Evidence Summaries

Gavin NC, Webster J, Chan RJ, Rickard CM. Frequency of dressing changes for central venous access devices on catheter-related infections. Cochrane Database of Systematic Reviews 2016, Issue 2. Art. No.: CD009213. DOI: 10.1002/14651858.CD009213.pub2.

Authors' conclusions
The best available evidence is currently inconclusive regarding whether longer intervals between CVAD dressing changes are associated with more or less catheter-related infection, mortality or pain than shorter intervals.

Bradford NK, Edwards RM, Chan RJ. Heparin versus 0.9% sodium chloride intermittent flushing for the prevention of occlusion in long term central venous catheters in infants and children. Cochrane Database of Systematic Reviews 2015, Issue 11. Art. No.: CD010996. DOI: 10.1002/14651858.CD010996.pub2


Authors' Conclusions
The review found that there was not enough evidence to determine the effects of intermittent flushing of heparin versus normal saline to prevent occlusion in long term central venous catheters in infants and children. Ultimately, if this evidence were available, the development of evidenced-based clinical practice guidelines and consistency of practice would be facilitated.

Ullman AJ, Cooke ML, Mitchell M, Lin F, New K, Long DA, Mihala G, Rickard CM. Dressings and securement devices for central venous catheters (CVC). Cochrane Database of Systematic Reviews 2015, Issue 9. Art. No.: CD010367. DOI:10.1002/14651858.CD010367.pub2.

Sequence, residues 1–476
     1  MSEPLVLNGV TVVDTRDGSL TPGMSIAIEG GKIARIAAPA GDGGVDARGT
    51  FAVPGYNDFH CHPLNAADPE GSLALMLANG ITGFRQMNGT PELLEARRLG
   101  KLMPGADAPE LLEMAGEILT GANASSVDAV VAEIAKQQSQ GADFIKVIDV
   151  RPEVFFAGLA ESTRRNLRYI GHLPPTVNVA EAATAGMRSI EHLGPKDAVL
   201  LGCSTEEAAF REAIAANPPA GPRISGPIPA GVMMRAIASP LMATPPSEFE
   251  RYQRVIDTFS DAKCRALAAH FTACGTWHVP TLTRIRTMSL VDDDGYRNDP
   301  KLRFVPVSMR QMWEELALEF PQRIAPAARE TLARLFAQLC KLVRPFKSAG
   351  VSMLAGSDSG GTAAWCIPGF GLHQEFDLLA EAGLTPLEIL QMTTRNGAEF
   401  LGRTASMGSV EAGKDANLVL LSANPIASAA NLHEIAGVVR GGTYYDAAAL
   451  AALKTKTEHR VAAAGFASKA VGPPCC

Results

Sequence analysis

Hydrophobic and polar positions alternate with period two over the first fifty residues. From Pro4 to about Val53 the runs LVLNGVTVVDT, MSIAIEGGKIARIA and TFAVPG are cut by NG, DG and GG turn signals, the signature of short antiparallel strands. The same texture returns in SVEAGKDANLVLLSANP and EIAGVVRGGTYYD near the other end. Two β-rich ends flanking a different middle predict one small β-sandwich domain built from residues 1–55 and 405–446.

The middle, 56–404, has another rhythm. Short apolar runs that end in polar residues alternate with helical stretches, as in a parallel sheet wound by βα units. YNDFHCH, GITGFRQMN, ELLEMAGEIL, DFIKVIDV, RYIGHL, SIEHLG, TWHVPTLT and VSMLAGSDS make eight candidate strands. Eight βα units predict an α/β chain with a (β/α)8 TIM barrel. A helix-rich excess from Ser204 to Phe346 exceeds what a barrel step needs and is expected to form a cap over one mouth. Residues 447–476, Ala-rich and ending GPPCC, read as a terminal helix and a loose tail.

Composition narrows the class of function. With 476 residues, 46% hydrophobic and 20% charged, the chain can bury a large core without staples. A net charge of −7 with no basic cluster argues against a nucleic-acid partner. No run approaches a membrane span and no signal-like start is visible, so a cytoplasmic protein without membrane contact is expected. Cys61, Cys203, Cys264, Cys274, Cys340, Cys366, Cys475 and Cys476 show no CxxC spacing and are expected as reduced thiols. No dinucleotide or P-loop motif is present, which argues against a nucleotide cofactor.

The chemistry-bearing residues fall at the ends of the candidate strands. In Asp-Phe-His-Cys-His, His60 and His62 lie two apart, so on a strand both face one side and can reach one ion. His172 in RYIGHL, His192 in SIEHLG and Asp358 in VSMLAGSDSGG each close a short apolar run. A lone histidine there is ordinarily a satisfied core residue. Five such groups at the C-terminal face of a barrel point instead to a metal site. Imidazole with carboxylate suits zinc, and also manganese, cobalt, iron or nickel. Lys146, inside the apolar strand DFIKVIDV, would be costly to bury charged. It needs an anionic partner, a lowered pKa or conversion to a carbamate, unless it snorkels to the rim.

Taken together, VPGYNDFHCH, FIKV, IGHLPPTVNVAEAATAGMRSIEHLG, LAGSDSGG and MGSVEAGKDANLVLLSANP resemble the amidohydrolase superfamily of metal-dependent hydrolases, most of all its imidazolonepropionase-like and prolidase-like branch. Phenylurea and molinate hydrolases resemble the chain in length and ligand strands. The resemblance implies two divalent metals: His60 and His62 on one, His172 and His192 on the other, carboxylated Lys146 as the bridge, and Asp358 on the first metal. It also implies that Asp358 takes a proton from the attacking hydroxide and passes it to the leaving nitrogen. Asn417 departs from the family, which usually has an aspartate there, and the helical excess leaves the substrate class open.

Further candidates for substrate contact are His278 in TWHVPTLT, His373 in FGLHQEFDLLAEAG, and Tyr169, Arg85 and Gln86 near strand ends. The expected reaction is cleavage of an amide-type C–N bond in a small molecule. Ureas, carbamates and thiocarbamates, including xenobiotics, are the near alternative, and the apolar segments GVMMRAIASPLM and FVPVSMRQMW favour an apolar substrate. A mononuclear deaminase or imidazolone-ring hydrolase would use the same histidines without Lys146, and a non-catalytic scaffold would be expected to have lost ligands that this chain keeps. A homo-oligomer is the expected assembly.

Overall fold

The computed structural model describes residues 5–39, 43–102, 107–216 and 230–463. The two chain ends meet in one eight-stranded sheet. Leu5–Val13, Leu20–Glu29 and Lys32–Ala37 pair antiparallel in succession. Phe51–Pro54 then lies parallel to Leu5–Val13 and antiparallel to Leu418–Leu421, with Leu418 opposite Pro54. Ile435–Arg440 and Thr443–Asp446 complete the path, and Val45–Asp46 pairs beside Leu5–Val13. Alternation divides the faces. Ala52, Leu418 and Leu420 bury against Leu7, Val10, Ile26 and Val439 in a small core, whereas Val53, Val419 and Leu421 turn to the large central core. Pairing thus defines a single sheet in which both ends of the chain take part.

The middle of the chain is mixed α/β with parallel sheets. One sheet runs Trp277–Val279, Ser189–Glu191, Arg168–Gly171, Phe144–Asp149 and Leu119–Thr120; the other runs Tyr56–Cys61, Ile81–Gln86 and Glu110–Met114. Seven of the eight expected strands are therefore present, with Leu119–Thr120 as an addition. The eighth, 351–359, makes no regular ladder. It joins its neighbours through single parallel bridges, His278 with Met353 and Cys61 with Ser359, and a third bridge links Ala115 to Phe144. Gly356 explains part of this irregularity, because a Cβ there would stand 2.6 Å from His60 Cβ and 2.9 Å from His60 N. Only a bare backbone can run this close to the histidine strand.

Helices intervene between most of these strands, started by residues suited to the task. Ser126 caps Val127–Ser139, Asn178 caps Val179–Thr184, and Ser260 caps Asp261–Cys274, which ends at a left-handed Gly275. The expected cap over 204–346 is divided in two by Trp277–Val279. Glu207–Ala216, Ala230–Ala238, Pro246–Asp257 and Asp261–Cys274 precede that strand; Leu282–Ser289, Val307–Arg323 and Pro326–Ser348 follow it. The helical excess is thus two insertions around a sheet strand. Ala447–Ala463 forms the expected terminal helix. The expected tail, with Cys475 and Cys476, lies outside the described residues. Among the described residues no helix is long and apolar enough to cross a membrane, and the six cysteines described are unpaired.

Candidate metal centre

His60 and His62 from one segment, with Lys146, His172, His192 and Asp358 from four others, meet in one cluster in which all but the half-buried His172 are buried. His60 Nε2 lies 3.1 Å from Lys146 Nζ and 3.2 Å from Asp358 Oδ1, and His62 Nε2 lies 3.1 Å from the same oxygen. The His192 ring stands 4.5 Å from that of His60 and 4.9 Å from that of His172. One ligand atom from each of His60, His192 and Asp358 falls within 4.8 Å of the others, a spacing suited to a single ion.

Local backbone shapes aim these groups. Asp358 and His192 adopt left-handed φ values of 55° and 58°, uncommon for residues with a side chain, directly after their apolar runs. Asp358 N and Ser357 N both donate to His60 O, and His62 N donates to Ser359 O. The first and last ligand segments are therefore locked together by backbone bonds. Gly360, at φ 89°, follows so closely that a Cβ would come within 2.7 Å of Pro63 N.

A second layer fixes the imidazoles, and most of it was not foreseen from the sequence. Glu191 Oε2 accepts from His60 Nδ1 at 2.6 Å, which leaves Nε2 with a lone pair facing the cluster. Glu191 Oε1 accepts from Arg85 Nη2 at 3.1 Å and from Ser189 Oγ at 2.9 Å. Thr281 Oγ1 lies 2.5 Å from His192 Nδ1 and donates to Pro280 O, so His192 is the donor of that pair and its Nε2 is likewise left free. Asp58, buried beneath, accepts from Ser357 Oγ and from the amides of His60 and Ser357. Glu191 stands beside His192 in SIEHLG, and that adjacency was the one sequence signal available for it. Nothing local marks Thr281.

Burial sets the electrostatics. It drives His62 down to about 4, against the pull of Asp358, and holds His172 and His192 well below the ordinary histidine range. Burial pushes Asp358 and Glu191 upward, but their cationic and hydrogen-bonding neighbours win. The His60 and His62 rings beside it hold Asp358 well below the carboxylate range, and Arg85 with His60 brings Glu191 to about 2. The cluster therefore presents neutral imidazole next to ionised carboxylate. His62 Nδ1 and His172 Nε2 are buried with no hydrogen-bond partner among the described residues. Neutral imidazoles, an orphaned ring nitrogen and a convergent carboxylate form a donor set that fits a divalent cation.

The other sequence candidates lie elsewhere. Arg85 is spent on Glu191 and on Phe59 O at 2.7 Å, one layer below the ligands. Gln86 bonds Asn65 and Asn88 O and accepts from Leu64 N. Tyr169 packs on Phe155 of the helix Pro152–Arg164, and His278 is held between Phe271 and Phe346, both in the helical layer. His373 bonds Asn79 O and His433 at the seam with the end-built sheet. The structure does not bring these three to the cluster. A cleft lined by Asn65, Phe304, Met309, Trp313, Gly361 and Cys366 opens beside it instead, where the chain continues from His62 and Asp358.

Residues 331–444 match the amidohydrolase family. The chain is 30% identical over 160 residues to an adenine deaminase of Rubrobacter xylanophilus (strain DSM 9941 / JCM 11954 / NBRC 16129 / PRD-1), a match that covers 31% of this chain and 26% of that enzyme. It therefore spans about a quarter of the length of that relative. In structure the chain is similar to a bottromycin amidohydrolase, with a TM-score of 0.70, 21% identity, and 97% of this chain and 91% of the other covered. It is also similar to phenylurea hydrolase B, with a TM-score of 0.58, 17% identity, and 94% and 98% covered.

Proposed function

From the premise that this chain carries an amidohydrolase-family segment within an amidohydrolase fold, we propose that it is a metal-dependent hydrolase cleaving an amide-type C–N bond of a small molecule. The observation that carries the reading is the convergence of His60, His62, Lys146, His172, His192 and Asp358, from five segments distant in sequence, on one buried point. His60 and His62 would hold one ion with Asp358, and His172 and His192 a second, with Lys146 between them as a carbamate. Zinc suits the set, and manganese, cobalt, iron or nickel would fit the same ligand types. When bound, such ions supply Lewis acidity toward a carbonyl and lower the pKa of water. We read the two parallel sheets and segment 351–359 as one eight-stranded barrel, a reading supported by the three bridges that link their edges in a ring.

Authors' conclusions
Medication-impregnated dressing products reduce the incidence of catheter-related BSI relative to all other dressing types. There is some evidence that CGI dressings, relative to SPU dressings, reduce catheter-related BSI for the outcomes of frequency of infection per 1000 patient days, risk of catheter tip colonisation and possibly risk of catheter-related BSI. A multiple treatment meta-analysis found that sutureless securement devices are likely to be the most effective at reducing catheter-related BSI though this is low quality evidence. Most studies were conducted in intensive care unit (ICU) settings. More, high quality research is needed regarding the relative effects of dressing and securement products for CVCs. Future research may adjust the estimates of effect for the products included in this review and is needed to assess the effectiveness of new products.